and i think it would have been helpful to him this morning to have said, look, we get this tax deal done, i'm here to help on medicare and social security reforms. we've got to address those. instead of just saying i'm going to protect the seniors who are there and the medicare and medicaid recipients. give a little something. show good faith about what needs to be done on deficit reduction and the entitlement programs. >> doris, republicans i have talked to on capitol hill in the last couple of days have said, the president meeting with all the congressional leaders, that the first time it's happened since november 16. this is not somebody who's been actively engaged in negotiating. he's basically saying yet again, i won, we're going to get this through. but the president says, no, it's republicans who won't say yes to reasonable proposals. >> that may be the conclusion that he's drawn. we don't know what's going on. invitations put out, maybe not accepted. what was interesting to me about his talk with you is i think he learned from that first term where he was arguing to
explaining things. he talked simply and conversationally in this thing. he repeated over and over again his own point, fairness, balance. he talked about middle class out rather from the bottom up. that seems to be a new phrase. and i think he's learned what theodore roosevelt learned, when you're speaking to the american people and want to make an argument, it has to be simple. i thought he spoke in a different tone today, more conversational, and that's something you learn from your first term, where he thought he had spoken too much over people's heads or too explanatory. >> jon meacham, the president's obvious irritation, chuck was just mentioning it before we started, at the notion that it's a pox on both houses. >> right. >> and one of the president's top advisers is rather defensive on twitter saying it should bug every american because it's lazy journalism and punditry and has a real effect on our political system. well, here's the reality that even his advisers have to understand. the american people, republicans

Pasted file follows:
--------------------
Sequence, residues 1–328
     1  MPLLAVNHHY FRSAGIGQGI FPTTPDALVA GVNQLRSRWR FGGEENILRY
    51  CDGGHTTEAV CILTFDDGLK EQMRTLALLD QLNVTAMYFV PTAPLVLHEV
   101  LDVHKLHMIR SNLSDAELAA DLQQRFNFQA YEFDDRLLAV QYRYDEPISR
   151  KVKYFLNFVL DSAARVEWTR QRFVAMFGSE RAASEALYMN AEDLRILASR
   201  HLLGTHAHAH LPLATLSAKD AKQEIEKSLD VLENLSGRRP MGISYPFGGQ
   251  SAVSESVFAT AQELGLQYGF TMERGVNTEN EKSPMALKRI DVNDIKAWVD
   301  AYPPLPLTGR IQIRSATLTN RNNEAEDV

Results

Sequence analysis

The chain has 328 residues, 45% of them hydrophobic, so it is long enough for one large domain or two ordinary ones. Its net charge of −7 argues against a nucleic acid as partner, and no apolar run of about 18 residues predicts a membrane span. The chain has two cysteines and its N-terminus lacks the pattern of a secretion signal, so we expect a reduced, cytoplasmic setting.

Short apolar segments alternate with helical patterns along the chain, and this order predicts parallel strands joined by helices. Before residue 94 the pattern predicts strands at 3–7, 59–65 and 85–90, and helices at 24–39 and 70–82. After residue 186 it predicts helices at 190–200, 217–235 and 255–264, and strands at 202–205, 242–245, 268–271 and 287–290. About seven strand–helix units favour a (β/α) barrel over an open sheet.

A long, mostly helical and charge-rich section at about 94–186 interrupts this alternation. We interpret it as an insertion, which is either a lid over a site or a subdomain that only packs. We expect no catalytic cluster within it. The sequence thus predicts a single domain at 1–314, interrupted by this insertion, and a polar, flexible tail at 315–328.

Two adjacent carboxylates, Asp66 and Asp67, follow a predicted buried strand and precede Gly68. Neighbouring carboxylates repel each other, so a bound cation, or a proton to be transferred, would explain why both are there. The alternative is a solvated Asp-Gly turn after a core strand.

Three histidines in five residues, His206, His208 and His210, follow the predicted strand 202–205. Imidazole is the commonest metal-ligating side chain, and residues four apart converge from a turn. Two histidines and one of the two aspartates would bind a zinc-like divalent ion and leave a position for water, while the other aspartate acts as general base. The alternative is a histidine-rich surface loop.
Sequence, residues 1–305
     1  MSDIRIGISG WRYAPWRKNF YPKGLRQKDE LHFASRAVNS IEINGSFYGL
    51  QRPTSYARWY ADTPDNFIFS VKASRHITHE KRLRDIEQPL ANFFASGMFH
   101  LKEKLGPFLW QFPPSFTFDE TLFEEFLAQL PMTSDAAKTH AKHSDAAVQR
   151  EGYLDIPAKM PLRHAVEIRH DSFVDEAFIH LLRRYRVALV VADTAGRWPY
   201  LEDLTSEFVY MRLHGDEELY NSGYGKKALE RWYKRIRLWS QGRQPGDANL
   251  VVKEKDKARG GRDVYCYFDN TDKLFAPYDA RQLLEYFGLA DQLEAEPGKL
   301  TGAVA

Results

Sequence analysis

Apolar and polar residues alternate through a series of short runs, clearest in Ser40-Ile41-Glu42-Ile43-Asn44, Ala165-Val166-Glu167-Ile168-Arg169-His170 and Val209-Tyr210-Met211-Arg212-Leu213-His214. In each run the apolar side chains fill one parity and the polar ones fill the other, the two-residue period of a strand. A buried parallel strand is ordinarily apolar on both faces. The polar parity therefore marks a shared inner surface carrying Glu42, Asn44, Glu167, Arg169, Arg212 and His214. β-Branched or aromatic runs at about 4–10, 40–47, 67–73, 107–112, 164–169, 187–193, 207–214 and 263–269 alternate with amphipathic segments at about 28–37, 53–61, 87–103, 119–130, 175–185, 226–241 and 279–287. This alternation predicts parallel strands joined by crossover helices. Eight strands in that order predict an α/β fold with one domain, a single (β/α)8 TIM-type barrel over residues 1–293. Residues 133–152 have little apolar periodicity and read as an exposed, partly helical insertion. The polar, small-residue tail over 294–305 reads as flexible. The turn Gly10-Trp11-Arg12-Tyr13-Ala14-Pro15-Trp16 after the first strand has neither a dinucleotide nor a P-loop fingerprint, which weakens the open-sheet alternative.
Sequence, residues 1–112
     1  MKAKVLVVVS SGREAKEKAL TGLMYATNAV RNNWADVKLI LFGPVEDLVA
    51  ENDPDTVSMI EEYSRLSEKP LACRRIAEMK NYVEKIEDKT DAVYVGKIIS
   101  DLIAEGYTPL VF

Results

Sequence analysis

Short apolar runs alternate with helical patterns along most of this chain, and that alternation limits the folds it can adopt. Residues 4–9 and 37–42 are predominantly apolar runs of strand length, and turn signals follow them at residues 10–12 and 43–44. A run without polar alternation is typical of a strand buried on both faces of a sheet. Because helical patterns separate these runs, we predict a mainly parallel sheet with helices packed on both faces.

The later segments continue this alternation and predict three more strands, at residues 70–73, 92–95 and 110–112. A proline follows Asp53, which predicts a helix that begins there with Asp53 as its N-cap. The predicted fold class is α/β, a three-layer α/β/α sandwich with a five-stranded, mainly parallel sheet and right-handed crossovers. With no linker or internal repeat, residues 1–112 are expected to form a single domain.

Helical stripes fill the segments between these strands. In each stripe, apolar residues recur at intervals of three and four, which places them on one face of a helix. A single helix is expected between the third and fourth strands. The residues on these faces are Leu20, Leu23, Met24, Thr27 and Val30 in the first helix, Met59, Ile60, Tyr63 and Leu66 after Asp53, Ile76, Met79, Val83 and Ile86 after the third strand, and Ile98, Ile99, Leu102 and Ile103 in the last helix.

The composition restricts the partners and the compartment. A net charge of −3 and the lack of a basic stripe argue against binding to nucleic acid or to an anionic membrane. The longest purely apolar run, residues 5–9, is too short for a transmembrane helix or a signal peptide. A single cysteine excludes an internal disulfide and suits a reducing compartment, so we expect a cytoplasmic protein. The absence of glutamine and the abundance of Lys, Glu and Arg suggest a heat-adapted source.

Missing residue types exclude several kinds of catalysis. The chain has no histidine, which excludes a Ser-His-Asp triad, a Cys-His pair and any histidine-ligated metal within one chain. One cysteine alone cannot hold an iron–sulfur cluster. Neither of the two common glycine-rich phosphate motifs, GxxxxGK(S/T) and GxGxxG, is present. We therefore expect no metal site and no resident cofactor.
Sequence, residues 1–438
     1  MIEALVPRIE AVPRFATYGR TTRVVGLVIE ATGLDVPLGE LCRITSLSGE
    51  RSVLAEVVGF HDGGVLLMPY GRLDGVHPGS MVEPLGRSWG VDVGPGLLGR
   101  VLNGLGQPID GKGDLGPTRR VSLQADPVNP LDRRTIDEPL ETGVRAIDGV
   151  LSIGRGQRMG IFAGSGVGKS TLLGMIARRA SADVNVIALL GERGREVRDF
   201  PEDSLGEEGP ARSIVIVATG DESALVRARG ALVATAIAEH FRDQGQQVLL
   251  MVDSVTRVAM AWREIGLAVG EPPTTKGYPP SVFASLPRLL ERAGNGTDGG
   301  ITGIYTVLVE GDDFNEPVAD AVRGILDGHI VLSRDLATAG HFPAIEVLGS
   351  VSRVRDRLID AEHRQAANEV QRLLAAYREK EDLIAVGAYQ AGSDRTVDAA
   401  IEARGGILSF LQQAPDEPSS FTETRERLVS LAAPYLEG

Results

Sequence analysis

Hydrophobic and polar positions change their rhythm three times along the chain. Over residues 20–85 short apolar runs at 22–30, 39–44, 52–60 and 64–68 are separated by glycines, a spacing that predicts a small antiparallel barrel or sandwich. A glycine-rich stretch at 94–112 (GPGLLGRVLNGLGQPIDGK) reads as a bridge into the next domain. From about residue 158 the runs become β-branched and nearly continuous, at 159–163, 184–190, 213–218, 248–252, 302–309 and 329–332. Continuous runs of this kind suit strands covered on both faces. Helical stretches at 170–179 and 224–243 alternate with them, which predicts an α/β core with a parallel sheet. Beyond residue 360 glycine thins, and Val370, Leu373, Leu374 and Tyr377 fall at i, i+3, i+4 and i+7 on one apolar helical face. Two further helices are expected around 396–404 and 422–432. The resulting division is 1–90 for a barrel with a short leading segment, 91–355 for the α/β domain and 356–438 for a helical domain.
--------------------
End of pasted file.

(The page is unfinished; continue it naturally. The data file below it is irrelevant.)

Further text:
and democrats, do look at results or the lack thereof. so it's not lazy punditry when people are out there very frustrated with both ends of this. >> right. and i see the system as broken because as you say it doesn't produce a result, a desirable result. >> being right is not enough, even if you're the president. even if you believe you're right, it doesn't necessarily get a result. >> presidential politics is about wholesale and retail as we say in the trade. and so today, this morning, he was doing a wholesale sell. he was using the bully pulpit. talking to you, making an intellectual case and trying to say, i won. this is what you voted for. this is what we adjudicated in the election. but on the retail side, as tom says, all evidence suggests he has not been the warmest and fuzziest of cajolers. and you have to do both. and you can't just be right on the idea. you do have to sell this. and even the greatest
presidents, let's be clear, ronald reagan and bill clinton, they sold their initial deals in the first year. and it was close. it was one, two, three votes. it was very tight. but they did it, and they pushed and they pushed on both the wholesale and retail side. >> i don't think you can have the congressmen over too often. i think they should be there sleeping with you if you want them to be. >> well, that could have some people in trouble. >> i didn't quite mean that. >> you know, the civil war era, doris -- >> but i think he finally has made it sufficient at least that the inside game didn't work. >> but let's make sure we are about to come up on the most -- the least productive congress in history. we have 218 bills this congress has passed. the lowest number since this has been tracked. the lowest number before that was 333. let's go through the highlights of this congress. no farm bill.